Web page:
Today’s guest expert in our intersections series is Rob Garner, Chief Strategy Officer of the Advice Interactive Group, and widely respected authority on search engine marketing, social media, and content marketing. Rob regularly speaks at a number of industry conferences across the globe including ad:tech, SXSW, SES, and others. His column in MediaPost’s Search Insider provides insight into search campaign management experience and best practices. Rob is the Vice President of international search marketing industry group, Search Engine Marketing Professional Organization (SEMPO).
Rob is a perfect first guest of this expert blog series as he is the author of Search and Social: The Definitive Guide to Real-Time Content Marketing (Wiley/Sybex 2012).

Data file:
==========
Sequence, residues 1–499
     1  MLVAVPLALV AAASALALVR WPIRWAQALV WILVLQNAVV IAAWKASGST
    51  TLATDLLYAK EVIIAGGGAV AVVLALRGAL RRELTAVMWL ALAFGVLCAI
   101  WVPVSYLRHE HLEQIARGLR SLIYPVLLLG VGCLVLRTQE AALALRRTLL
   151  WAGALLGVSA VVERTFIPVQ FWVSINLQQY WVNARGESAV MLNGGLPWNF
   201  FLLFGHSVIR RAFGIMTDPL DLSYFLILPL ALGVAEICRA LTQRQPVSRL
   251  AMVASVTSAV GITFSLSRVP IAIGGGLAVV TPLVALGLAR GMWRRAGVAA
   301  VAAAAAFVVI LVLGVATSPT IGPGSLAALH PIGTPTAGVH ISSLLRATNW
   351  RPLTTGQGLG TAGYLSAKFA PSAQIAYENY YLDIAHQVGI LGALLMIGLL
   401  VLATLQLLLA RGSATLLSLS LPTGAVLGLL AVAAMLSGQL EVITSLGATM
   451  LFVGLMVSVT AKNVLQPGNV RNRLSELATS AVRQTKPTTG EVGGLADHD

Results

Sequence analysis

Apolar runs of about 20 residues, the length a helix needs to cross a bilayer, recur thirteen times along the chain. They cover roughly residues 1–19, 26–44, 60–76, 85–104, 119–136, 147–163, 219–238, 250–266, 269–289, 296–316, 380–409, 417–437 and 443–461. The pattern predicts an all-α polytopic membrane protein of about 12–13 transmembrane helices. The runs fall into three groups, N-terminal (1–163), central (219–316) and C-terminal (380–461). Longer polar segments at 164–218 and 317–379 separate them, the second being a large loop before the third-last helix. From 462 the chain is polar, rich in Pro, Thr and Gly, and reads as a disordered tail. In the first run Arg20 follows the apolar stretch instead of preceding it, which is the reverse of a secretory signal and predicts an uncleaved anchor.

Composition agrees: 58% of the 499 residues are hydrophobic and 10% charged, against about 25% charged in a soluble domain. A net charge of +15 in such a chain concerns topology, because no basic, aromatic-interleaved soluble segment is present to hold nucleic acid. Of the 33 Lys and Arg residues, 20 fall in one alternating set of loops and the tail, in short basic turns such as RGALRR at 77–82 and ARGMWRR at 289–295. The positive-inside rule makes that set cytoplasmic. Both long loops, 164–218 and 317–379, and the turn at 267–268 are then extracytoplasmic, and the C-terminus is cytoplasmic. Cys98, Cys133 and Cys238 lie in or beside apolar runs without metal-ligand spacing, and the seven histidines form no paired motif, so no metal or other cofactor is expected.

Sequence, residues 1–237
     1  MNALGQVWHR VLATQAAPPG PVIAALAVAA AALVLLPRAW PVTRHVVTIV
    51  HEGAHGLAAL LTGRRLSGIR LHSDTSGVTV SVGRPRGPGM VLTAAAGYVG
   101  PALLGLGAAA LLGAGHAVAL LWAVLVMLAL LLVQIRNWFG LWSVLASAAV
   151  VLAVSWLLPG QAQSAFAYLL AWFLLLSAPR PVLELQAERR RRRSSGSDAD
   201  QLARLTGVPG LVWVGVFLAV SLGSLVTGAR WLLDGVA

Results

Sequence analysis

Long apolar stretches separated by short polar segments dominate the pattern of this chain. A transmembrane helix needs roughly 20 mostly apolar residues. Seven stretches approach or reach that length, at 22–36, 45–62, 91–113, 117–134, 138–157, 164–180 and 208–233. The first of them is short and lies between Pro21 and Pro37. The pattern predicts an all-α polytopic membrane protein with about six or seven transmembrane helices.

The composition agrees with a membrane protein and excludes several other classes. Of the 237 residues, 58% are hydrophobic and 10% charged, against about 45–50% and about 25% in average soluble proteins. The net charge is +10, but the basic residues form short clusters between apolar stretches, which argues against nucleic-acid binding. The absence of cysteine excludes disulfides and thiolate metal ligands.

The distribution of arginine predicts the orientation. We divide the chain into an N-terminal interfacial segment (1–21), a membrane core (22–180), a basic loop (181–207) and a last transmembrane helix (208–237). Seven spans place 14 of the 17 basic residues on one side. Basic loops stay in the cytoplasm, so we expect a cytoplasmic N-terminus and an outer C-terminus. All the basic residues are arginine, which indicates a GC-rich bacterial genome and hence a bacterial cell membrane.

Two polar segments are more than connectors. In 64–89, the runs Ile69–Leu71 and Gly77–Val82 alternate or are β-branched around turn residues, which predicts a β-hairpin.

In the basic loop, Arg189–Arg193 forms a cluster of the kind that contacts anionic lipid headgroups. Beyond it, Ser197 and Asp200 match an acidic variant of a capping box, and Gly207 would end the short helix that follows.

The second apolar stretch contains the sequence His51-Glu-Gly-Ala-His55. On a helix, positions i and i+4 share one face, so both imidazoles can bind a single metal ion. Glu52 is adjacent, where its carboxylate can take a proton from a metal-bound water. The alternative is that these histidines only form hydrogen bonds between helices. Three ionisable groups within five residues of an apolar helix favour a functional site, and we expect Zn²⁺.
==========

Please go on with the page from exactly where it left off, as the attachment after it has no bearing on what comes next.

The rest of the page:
Tell us about your experience with Search and Social.
Garner: I’ve been at this Internet thing for about 18 years now and studied its progression almost daily ever since. I started off just fascinated by the Internet, and found that I had a pretty intense hunger for learning about it. It was like one day, this new frontier opened up to explore and create, and in many ways help to define little pieces of it here and there.
After some time, I realized I had enough knowledge to start working professionally, and jumped at several key opportunities. The first was going to work for a multi-channel retailer that was just kicking off its ecommerce department, and I did the $.01 bid thing with Goto, SEO, and a variety of other digital marketing activities. Back then, we didn’t have bid platforms, and I used what was probably the first bidding program in existence, called Bidrank. Then I decided I wanted to work with big brands, and landed an entry level job at itraffic/Agency.com. My skills were in demand there, so I quickly navigated around various parts of that business. I then went over to iCrossing in 2006, and eventually became an executive strategist there.